UDS Mart didn’t respond to repeated requests for answers to our questions, but the terms and conditions on its website are non-committal: “To simplify the process of buying internationally, Udsmart.co.nz choose to handle the process of custom clearance for customers. By purchasing products through Udsmart.co.nz, the Buyer authorises the Company to make arrangements for clearance of customs on your behalf for the products in your order … As a result, prices shown on this website are the final total you have to pay to have the order delivered to your door, without any hidden charges and customs delay.”

But does it actually guarantee to pay New Zealand GST? Not exactly. Under “Shipping and delivery”, the website says only that “Udsmart is not responsible for country tax and/or any duty charge that may incur [sic] out of New Zealand. Restrictions, duties, taxes, and any other fees collected by the country of destination other than New Zealand shall be the responsibility of the customer.”

Meanwhile, it’s not clear who is behind UDS Mart. The company has an Auckland address, but packages always show the sender as being in Hong Kong. New Zealand Companies Office records don’t show a business called UDS Mart in this country. A telephone number listed along with the company’s domain name details is not in service.

The UDS Mart store on Trade Me. Image/Supplied

Keeping it honest and legal?

With the evidence Emery had provided to Trade Me, and with Customs on the trail of the Hong Kong suppliers, local camera retailers were optimistic. Emery and his colleagues assumed Trade Me would suspend companies it believed were suspicious, or at least make sure they were paying the right amount of tax.

Trade Me did neither. The company’s head of B2C marketplace, Rick Davies, told the Listener it had received a number of complaints about UDS Mart and had asked the company to make “minor tweaks” to its listing.

Davies wouldn’t go into detail, although the main change appears to be UDS Mart removing the words “Import tax and duty inclusive” from its listings.

Emery argues this isn’t enough. He says UDS Mart and others are breaking the law by not paying tax and that Trade Me terms and conditions state that sellers must “keep it honest and legal” and that “advertised prices must include GST and you [ie, sellers] are responsible for your taxes”.

It makes Emery furious: “We have the evidence and we have given it to Trade Me, but it hasn’t done anything. It is the biggest website in the country and it gives trades a level of credibility.”

Davies doesn’t agree. “Trade Me can’t be judge, jury and executioner” about whether a company is fulfilling its tax obligations, he says.

But what about the evidence from the camera retailers? “UDS Mart told us it had difficulties with its logistics processes. We are satisfied with its response,” says Davies. “Our concern is with the integrity of our marketplace and in this case the seller is fulfilling all their obligations for operating in the marketplace.” He says Trade Me would work with Customs but hasn’t been asked to.

Meanwhile, Emery argues the avoidance of GST is having a significant effect on local retailers, which are already struggling to compete with parallel importers.

In the case of one package, which arrived here in late May, the price difference between the UDS Mart lens on Trade Me and that of a local retailer would have been just $29 with GST on top, Emery says.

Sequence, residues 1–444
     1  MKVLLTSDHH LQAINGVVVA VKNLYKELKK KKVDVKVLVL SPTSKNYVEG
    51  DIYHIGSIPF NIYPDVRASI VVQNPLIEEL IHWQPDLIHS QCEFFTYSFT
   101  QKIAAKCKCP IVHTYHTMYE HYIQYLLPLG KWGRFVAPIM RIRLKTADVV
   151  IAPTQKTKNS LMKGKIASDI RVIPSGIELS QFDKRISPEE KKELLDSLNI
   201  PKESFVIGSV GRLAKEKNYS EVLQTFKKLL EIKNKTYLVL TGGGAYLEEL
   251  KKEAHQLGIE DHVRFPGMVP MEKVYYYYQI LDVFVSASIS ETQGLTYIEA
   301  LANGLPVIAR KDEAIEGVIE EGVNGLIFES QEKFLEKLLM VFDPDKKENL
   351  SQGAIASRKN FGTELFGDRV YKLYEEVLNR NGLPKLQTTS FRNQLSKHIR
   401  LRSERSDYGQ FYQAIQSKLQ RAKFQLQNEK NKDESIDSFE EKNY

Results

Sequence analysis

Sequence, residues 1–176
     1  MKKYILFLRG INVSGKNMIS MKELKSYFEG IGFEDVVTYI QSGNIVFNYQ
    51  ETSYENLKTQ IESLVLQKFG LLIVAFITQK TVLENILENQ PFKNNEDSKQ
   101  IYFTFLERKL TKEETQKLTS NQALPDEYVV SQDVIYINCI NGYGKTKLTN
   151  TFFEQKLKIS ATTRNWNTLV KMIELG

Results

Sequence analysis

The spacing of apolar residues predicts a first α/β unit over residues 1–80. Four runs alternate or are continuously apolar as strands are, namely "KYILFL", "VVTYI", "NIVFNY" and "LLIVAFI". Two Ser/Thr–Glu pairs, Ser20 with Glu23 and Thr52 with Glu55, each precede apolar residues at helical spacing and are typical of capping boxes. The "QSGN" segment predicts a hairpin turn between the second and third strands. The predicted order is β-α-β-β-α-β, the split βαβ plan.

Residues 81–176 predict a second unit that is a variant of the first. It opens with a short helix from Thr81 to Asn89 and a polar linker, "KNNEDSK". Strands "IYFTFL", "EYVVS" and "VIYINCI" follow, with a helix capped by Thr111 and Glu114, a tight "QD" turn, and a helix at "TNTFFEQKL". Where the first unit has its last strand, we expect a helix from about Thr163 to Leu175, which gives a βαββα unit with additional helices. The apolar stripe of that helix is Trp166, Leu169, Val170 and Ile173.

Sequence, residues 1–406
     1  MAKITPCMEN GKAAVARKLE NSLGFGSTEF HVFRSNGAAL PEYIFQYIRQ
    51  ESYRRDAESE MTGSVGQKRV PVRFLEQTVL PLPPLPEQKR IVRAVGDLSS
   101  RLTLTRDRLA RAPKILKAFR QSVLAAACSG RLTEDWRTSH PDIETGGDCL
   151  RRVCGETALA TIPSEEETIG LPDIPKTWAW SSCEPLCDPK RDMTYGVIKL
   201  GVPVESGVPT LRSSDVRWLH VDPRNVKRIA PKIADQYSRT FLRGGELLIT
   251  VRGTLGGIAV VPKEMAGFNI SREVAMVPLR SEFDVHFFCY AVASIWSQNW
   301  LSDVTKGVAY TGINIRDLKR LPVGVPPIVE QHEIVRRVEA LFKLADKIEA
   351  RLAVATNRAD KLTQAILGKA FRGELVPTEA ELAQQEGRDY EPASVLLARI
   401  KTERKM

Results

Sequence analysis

Given the potential added complication and risk for customers buying from overseas suppliers, if the equipment is faulty or breaks later, “why would a customer buy something offshore to save $29?” he says.

Rick Davies, head of Trade Me’s B2C marketplace. Photo/Mark Coote/Supplied

More confiscations

Meanwhile, if Trade Me couldn’t or wouldn’t blacklist the overseas suppliers, Emery and his colleagues hoped Customs’ intervention would continue.

Customs has the power to seize goods “where the goods are described incorrectly or valued incorrectly”, Customs Minister Kris Faafoi told one camera retailer. “Customs can also fine importers if they are at fault.”

Trouble is, that rarely happens. Bargh has worked for Customs for 14 years, the past two in the revenue and assurance role. He heads a team of 70 people whose job is to audit the more than $14 billion worth of revenue coming from importers, exporters and excise manufacturers.

Over the past few years, the number of parcels arriving in New Zealand has ballooned as more and more people buy goods online. Last year, more than 27 million posted parcels went through Customs. That’s 74,000 a day, or more than 6000 an hour during the revenue section’s 12-hour working day.

Bargh says his team has grown as volume has increased, but the idea of Customs opening every package is crazy. “It is ridiculously time-consuming and costly to open a parcel, check the contents, contact the importer and hold the parcel. It’s totally inefficient.

“It might take a week or two and you’d have legitimate importers and customers complaining about not getting their stuff.”

Customs’ spot checks suggest 90% of parcels arriving via the mail system are fine, Bargh says. Though, of course, that means 2.7 million aren’t.

Emery says he’d like to see more confiscations. It’s tough luck if buyers are put out by delays with delivery and having to pay GST on a product they thought was tax-inclusive, he says.

“Maybe next time they’ll buy it from somewhere else … We are just asking for the market to be fair.”

Richard Bargh. Photo/Supplied

To catch a crook

Bargh says a much better way to catch GST fraudsters is to use data analytics – as Customs does with other investigations. This involves increased use of behind-the-scenes digital detective work, algorithms and profiling.

The trouble is that catching undervalued cameras isn’t a high priority for a service that’s also got to look out for weapons, objectionable material, drugs and endangered species. Still, it’s better than a slap in the face with a wet fish.

“Customs got $58 million in last year’s Budget over four years to bring in more people to build inspections, intelligence and border analytics,” Bargh says. “That’s largely for prohibited items, but it will have a spill-over effect.”